On September 14, during an NYU Law Forum that was sponsored by Latham & Watkins, a panel of constitutional law and US Supreme Court experts discussed recent Court rulings as well as cases teed up for the Court’s upcoming term. Among the issues that the panelists examined were the independent state legislature theory, which argues that state legislatures have exclusive power to regulate federal elections; continued collisions between antidiscrimination protections and religious freedom; and a potential shift in the landscape of higher education due to challenges to affirmative action policies.
Melissa Murray, Frederick I. Stoke and Grace Professor of Law, moderated the panel, which featured Wall Street Journal Supreme Court correspondent Jess Bravin; Marin Levy, a professor at Duke University School of Law; and Paul, Weiss, Rifkind, Wharton & Garrison partner Kannon Shanmugam, chair of the firm’s Supreme Court and Appellate Practice Group.
Panelists explored the implications of recent rulings by the Court’s 6-3 conservative supermajority, including Dobbs v. Jackson Women’s Health Organization, which reversed Roe v. Wade and eliminated federal protection of abortions, and West Virginia v. Environmental Protection Agency, which limited the agency’s authority to combat climate change. They considered what these rulings may presage for the upcoming term, and discussed whether the Court has become politicized in a way that threatens its legitimacy.
Watch the full discussion on video:
Selected quotes from the discussion:
Kannon Shanmugam (5:51): “I think the thing that is striking…is the velocity of the Court’s movement in certain areas of the law…. I don’t think there’s any particular outcome from the Court last year that was surprising in terms of how one might expect this Court with six conservative justices on it to rule, but I think many people were surprised, for instance, by the fact that the Court was willing to go as far as to overrule Roe v. Wade outright in the Dobbs case…. There are a number of areas of the law in which the Court is moving quickly rather than incrementally, and I think it’s really hard to identify any particular reason why that's happening.”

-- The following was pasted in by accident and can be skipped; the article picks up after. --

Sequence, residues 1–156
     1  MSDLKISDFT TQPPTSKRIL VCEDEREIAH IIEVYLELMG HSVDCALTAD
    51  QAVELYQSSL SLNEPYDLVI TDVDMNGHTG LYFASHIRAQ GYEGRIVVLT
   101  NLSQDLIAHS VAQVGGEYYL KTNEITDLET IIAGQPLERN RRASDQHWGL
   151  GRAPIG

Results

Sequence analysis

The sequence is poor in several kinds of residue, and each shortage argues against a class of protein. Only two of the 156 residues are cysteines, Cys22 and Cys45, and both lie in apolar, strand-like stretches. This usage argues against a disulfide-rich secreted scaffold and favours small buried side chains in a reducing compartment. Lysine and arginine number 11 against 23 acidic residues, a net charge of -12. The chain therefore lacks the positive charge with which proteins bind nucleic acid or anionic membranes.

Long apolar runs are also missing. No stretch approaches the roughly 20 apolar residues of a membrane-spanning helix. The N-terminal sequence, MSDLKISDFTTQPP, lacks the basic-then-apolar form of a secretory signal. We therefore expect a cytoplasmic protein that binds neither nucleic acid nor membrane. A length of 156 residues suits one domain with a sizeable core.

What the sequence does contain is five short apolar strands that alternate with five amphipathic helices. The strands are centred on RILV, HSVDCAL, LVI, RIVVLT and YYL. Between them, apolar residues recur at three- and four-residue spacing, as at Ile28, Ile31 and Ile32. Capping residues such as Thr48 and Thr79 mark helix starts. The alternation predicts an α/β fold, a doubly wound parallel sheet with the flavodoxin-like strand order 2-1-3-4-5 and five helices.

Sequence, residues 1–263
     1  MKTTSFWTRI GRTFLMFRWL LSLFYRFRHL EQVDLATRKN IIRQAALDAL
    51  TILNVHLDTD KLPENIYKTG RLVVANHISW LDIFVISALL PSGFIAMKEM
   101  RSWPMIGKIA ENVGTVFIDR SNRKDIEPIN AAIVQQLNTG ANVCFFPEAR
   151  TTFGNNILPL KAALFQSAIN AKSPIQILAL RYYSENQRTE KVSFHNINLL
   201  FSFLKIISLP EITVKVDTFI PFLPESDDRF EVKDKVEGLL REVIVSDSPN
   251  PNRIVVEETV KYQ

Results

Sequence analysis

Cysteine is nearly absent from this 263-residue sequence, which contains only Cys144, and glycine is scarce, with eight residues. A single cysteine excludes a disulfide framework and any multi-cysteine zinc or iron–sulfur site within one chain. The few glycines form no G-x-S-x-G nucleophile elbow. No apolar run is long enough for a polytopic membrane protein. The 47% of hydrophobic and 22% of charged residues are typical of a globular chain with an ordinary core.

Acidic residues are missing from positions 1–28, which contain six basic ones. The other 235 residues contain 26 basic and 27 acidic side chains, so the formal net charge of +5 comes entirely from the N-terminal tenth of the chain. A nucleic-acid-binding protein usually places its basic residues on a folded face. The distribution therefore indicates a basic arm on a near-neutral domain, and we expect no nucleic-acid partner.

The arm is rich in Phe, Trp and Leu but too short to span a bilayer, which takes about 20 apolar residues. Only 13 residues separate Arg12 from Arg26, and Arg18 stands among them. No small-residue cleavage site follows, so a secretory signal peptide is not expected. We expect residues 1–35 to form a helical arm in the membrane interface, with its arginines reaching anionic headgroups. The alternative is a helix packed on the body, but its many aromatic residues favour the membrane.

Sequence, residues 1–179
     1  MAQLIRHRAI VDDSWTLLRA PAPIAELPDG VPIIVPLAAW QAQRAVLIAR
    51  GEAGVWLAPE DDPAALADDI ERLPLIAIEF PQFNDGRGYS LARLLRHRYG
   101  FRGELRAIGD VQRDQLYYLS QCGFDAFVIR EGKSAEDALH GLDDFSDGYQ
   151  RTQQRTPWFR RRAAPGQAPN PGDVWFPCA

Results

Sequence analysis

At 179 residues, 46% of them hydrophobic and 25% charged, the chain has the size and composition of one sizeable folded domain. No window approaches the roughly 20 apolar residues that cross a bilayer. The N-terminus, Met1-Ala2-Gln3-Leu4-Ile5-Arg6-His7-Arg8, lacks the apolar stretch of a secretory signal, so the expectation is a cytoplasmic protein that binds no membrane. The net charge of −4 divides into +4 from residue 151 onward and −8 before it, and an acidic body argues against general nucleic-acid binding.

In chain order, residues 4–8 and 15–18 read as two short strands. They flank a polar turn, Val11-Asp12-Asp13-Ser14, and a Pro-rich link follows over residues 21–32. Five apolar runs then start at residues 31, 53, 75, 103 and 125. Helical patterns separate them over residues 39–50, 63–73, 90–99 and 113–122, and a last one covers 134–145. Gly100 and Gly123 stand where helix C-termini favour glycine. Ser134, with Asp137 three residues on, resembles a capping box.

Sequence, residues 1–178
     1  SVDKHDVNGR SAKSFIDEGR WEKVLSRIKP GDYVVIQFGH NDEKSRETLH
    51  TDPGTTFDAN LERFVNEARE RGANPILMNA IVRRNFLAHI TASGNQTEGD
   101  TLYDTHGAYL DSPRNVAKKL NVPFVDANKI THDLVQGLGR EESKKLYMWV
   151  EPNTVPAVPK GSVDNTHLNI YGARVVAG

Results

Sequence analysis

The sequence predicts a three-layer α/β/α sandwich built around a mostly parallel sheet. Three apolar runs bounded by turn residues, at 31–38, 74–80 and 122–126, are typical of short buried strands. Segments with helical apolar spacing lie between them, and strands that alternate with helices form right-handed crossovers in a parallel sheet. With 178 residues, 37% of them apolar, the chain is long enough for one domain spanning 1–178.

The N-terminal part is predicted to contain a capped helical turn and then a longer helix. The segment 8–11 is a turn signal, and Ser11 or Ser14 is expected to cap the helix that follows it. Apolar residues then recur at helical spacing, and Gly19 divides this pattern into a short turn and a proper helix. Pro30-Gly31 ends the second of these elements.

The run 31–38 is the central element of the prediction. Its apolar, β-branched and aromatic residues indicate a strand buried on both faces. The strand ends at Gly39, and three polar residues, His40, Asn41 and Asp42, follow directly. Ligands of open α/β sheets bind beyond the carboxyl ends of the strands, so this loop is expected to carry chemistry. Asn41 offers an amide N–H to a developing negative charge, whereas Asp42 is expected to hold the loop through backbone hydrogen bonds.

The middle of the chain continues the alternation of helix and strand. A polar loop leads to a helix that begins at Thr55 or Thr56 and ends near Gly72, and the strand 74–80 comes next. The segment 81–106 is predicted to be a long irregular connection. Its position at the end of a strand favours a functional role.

Marin Levy (17:14): “To the question, ‘Are we in a legitimacy crisis?,’ here’s what worries me. If we go back to a moment in time when the Court was suffering a similar real drop in terms of public confidence—because we are in one of those historic lows right now—go back to look at Bush v. Gore. I think it’s very interesting to note that the Court rebounded very quickly in public opinion…What happened there was that the Court was able to draw on the reserves of goodwill. It was able to convince the public after the fact that they weren’t a partisan institution. And what I worry about in terms of the current moment is that we’re not going down that same road. I think because the Court has decided to take on even more big, controversial issues, and I think because we are going to continue to see a 6-3 split with a lot of them, that it’s going to reinforce this idea that they are more partisan than they would like the public to think.”
Jess Bravin (1:02:48): “Is there an incentive [for the Supreme Court to merge with popular majority opinion? ]...I think that this Court is much more concerned about getting the law ‘right.’ They think that their predecessors made errors at various times over the past century or two, and they think it’s their job to correct them…I think that is a much greater weight on their minds than whether or not the public at large agrees with one decision, or even the general trajectory of their jurisprudence.”
Posted on September 28, 2022